Yesterday, I mentioned how YouTube had thus far managed to steer clear of the networks' wrath by scrupulously policing its site for copyright infringing material.
Turns out, I spoke too soon. No sooner had the words hit my column here than news broke in "Daily Variety" today of an unauthorized posting of racy footage from the upcoming season of ABC's hit, "Desperate Housewives."
(Less than a minute, it's particularly a scandalous excision, one showing an actual Republican receiving cunnilingus! Imagine: A Republican! But we digress.)
For a hyper-competitive TV network, no doubt such a scare is the equivalent of Wen Ho Lee's nuclear hard drives going missing at Los Alamos National Laboratory.
Or as one TV executive at a rival company told the trade paper:
"If the clip was pirated without any network or studio blessing, it's a disturbing development -- particularly in an era of serialized skeins that place a premium on plotline secrecy. 'Can you imagine the resolution to a cliffhanger being put out there?' one exec from a non-Disney conglom said when told about the leak. 'It could be a really big problem.' "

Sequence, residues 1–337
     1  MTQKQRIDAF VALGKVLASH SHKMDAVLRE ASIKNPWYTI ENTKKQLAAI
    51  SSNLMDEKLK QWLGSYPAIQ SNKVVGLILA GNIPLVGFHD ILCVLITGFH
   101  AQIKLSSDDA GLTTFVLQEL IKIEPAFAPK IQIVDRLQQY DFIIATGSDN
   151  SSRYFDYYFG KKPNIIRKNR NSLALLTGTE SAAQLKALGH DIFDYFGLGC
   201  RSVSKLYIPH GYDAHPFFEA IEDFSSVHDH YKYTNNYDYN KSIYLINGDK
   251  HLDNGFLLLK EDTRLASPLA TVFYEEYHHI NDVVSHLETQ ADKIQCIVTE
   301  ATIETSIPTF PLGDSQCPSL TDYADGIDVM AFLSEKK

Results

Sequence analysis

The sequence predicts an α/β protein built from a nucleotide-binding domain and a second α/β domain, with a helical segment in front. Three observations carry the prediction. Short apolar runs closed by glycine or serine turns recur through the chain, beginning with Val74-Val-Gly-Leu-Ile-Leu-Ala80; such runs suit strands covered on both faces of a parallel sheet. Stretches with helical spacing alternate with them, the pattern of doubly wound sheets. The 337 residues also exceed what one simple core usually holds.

Add to this unsettling scenario an added twist, which we were discussing yesterday: The nuclear hard drives don't just go missing; they're actually made available for download to 40 million iPods.
That's the power of TubeSock, the clever, new program that makes YouTube an even bigger security nightmare for the TV networks and film studios. We can't wait to see the litigation that'll arise from this. It's gonna make Napster look like a pet rock by comparison.